Bigger Better Bedford


February 2016

Who Wants What: How Those Close to Us Affect Our Goals


By: Yulia Petrina (Bugle Team)

“Tell me who your friends are and I will tell you who you are”. Who hasn’t heard that one, right? And it’s probably true, as you don’t really need experimental psychology to prove your friends influence you, and vice versa (but if you do need convincing, Wallace and Tice’s (2012) review can help).

What is more interesting – and less obvious – is that, apparently, you can also say, “Tell me who your friends are and I will tell you what your goals are”. Research shows that we often pursue goals that people who matter have for us, and just being primed with these people’s names activates these goals (Shah, 2003b).

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Keep Calm and Don’t Cloud Your Hue: Psycho-Pass Review


By Jessica Pu (Bugle Team)

We can all agree that the one thing that is exclusively known to yourself is your mental activity. Now imagine that the government has created a system to measure it. People are matched to occupations and spouses based on intelligence and personality. Scanners are installed all over the country to detect any latent criminals and force them into mental wards. What used to be a person’s mind is now defined as a psycho-pass, measured using concrete numbers, ranging from the clear teal hue below 60 to the clouded black over 300. What do you do?

Keep calm and don’t cloud your hue.

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Laughter: What’s the Point?

'Love the self-deprecating humor. It's refreshing to laugh at you to your face instead of behind your back.'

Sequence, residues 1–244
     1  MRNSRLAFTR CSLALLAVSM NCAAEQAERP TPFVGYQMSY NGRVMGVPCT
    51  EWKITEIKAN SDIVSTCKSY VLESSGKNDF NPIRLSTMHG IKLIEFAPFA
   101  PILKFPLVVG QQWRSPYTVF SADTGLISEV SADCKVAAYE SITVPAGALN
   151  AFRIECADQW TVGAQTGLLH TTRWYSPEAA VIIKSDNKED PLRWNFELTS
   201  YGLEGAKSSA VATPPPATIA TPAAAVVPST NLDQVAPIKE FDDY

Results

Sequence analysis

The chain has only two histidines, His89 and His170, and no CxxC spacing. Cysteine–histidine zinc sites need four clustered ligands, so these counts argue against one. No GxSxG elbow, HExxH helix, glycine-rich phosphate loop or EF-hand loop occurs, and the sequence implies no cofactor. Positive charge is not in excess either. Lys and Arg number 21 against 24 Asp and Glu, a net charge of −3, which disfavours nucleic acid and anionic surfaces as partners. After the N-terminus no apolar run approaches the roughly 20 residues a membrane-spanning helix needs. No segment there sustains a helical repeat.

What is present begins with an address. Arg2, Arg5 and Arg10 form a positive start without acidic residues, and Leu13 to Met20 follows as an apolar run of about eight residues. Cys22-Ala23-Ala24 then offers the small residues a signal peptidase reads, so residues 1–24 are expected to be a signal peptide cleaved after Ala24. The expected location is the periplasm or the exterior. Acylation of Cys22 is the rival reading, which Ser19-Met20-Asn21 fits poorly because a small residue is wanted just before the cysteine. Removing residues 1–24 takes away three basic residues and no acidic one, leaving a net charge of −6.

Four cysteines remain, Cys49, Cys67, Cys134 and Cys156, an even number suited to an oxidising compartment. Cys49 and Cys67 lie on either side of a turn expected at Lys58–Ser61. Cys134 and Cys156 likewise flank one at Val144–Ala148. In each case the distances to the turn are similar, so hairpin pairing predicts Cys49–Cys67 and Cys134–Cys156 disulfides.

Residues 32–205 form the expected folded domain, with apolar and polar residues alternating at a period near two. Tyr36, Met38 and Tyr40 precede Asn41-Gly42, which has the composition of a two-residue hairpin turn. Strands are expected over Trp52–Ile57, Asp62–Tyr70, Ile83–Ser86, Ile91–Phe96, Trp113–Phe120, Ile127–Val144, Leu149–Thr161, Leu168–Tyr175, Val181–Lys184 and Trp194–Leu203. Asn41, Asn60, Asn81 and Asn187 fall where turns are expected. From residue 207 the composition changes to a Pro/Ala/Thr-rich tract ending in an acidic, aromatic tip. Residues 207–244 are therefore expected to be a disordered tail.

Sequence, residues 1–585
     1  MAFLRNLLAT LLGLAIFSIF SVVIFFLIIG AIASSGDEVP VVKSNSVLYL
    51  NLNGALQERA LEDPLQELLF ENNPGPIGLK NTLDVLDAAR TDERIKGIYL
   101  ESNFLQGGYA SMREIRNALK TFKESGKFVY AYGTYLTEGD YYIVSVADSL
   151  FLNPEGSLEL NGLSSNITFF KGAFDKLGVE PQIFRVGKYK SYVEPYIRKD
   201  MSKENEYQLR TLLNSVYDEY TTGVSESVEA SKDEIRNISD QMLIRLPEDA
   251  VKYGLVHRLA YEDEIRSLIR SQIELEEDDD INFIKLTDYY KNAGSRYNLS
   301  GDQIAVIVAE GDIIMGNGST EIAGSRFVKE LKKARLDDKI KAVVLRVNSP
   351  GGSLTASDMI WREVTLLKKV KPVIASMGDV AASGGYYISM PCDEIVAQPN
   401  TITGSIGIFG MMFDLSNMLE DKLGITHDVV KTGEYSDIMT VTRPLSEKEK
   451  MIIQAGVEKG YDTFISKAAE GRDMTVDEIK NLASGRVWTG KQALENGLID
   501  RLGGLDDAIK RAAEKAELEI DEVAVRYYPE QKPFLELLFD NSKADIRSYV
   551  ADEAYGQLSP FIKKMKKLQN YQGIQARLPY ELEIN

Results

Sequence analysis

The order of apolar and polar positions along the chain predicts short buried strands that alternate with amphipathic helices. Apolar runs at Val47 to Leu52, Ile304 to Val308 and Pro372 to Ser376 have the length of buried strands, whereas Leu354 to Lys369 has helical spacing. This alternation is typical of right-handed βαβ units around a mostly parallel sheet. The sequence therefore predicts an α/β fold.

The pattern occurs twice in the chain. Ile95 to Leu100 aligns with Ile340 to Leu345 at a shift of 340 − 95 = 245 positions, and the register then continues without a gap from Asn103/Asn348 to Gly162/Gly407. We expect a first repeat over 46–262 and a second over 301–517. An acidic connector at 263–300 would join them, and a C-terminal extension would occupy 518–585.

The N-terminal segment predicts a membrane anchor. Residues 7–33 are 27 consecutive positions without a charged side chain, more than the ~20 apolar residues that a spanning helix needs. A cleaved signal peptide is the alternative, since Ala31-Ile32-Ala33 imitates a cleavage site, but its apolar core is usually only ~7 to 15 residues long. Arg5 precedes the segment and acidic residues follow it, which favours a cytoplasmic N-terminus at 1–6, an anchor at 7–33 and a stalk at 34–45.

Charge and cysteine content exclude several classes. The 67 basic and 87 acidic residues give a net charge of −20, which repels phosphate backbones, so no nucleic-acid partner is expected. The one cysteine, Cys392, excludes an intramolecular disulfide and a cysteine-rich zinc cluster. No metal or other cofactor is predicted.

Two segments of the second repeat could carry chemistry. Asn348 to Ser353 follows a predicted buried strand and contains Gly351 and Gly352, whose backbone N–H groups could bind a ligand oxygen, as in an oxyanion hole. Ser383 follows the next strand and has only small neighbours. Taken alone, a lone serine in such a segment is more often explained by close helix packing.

‘Love the self-deprecating humor. It’s refreshing to laugh at you to your face instead of behind your back.’

By Helice Stratton (Bugle Team)

According to the 2011 film The Muppets, laughter is the third greatest gift ever (after children and ice cream). But where does laughter come from? Actually, this question isn’t quite right. Although laughter is the stereotypical response to humour, it’s estimated that we smile around five times more often than we laugh at humorous stimuli. In fact, laughter is arguably not even a universal response. In some African cultures it appears to be more a reaction to embarrassment or bewilderment. But, no matter how we react, it’s clear that there is some underlying cognitive process that is stimulated by hearing or seeing something funny.

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Creepy Faces: The Uncanny Valley




I’m not sure about you, but when I used to watch my brother play Grand Theft Auto, the character faces always looked creepy to me. I’m aware that they’re not meant to look beautiful like Final Fantasy characters, but in terms of realism the character faces lacked-something…was it the lifeless eyes or the strange movements of the mouth? Perhaps a more relatable example is looking at those advanced Japanese robots that are meant to look like a young lady, or the poorly done Tyra Banks wax model at Madame Tussaud’s. What is it that makes looking at these imitations of humans so uncomfortable?

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